Saturday, July 2, 2016

The History of King and Church in Toronto

The intersection of King and Church streets in downtown Toronto is one of our city’s most historic.

Even the names of these two thoroughfares are historic. King refers to King George III who was on the throne of England during our community’s formative years. Church recognizes the church that was constructed of wood and one in which adherents held services in 1807. Today’s magnificent Cathedral Church of St. James opened on the site in 1853 with its towering spire added 22 years later. The first set of bells was installed in 1865 with the present set of 12 change-ringing bells installed in 1997.

This intersection also has an interesting transportation heritage.

The very first city streetcar route travelled through the intersection beginning in 1861 when the horse cars of the new Toronto Street Railway (TSR) made their way between the St Lawrence Hall (its green cupola and flag can be seen in the background of both photos with this column) and the Yorkville Town Hall on the west side of Yonge St. north of Bloor St. The intersecting Church St. was the route of the first electric streetcars of the Toronto Railway Company (TRC), successors to the TSR and predecessor of today’s TTC. The terminals in 1892 were the old Union Station (foot of today’s University Ave.) and South Dr. in Rosedale travelling via Front, Church, Bloor and Sherbourne. With the introduction of the TTC’s new 514 CHERRY route (which runs from the Distillery District to the Dufferin Gate) this past June 19 the Commission’s newest streetcars are now traversing this historic intersection.

Both of the photos that accompany this column look east along King St. over Church and show horse cars on the Dovercourt and Sherbourne routes (John Bromley Collection) and one of the TTC’s newest vehicles from Bombardier, #4413 (MF photo).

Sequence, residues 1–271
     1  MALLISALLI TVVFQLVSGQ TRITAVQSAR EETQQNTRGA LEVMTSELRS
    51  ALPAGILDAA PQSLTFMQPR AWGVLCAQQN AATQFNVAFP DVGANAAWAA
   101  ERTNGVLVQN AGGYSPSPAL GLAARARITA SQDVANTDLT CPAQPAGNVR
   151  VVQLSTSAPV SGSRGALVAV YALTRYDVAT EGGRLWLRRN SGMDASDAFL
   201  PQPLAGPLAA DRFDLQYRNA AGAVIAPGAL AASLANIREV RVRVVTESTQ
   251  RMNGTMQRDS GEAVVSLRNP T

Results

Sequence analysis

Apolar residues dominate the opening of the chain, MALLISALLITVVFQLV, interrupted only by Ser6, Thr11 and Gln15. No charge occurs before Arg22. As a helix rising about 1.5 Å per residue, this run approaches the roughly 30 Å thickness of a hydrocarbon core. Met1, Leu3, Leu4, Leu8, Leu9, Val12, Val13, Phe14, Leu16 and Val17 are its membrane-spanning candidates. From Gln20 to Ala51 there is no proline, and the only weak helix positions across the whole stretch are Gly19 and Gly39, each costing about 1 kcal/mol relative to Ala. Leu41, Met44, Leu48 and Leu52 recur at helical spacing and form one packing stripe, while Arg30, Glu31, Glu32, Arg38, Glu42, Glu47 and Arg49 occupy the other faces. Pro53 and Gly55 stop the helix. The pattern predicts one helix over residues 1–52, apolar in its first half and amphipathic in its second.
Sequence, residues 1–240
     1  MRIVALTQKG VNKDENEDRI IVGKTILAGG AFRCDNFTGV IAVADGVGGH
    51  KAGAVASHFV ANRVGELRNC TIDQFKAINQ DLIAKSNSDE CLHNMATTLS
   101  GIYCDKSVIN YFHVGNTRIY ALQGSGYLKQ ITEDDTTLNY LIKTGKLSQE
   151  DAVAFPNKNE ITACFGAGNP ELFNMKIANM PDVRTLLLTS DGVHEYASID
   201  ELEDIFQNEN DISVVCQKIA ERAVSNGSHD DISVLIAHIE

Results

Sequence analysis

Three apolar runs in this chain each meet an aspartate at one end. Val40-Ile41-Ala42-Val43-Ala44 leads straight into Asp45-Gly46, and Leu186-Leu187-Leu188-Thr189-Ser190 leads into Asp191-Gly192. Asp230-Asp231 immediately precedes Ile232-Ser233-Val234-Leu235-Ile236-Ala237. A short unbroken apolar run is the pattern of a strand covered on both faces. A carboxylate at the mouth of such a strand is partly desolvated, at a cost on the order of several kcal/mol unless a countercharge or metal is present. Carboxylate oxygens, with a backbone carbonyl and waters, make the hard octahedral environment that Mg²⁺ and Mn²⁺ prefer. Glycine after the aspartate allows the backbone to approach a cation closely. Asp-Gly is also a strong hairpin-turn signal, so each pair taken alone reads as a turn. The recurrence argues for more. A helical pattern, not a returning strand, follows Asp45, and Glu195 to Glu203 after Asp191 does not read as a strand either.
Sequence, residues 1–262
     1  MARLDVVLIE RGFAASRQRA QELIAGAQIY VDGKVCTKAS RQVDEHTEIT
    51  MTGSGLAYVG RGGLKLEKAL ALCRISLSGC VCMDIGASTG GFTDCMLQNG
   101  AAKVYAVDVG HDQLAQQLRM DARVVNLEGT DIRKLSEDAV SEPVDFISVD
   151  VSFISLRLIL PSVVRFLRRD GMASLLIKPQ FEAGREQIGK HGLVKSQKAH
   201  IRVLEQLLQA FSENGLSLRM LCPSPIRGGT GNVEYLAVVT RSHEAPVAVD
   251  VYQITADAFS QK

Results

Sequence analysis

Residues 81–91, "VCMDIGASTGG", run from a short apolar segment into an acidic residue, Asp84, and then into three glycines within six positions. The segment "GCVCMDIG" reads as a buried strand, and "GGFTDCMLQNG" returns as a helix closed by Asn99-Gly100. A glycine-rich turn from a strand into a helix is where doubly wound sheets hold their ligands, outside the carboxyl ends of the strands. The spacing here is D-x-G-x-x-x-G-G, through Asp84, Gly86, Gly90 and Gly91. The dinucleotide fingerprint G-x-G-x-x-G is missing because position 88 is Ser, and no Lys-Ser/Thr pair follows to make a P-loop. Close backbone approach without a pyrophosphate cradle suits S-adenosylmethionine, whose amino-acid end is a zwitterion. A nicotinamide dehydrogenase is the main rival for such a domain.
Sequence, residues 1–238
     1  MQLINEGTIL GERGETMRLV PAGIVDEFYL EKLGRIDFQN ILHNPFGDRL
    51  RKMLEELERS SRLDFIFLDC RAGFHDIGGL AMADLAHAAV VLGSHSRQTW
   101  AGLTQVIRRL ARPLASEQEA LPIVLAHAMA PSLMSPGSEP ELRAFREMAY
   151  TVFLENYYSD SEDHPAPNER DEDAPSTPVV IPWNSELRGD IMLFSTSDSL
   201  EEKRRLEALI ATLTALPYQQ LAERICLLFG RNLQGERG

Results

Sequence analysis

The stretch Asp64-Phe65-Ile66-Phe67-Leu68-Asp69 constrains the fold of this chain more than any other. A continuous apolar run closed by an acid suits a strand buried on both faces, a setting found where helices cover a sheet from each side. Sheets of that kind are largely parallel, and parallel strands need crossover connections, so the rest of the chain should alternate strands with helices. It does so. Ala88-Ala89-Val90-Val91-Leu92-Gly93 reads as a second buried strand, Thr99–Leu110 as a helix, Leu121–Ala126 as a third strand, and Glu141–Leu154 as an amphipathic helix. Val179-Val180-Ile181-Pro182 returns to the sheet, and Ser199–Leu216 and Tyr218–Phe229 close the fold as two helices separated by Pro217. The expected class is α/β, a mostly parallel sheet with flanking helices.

The former Great Lakes passenger and freight vessel S.S. KEEWATIN turns 108 years old on Wednesday.

As part of the anniversary celebrations that day a team of specialty divers is going to inspect the hull and look for discarded artifacts on the bottom of Hogg Bay in the Port McNicoll Harbour. This Canadian Pacific luxury ship was built in 1907 at Goven, Scotland on the River Clyde and launched and named on July 6, becoming part of the fleet that ran from Port McNicoll to Fort William with passengers, cargo and grain, completing the national transportation system with a water link in the rail chain connecting the west to the rest of Canada. Keewatin was retired from service in 1965, and towed to a small town in the United States where she served as a marine museum. She was returned to Port McNicoll, just north of Barrie Ontario in 2012, and now serves as a permanent historical salute to Canada, having fulfilled the promise that encouraged Alberta and Saskatchewan to join Confederation in 1905.

A group of dedicated volunteers have restored the ship to its former glory and Keewatin is part of a number of historic attractions in “The Heart of Georgian Bay”. Wednesday, at a special anniversary party, a dive team will work from 11 a.m. to 1 p.m. in the harbour reporting the condition of the hull and looking for items thrown overboard back when the ship docked at this port before heading out for the Lakehead. Onlookers will be treated to free hot dogs and cold drinks and the event is free at 311 Talbot Street next to the ship. All ages welcome! For information call 1-855-533-9284 or Captain Rick at 416-318-7186.
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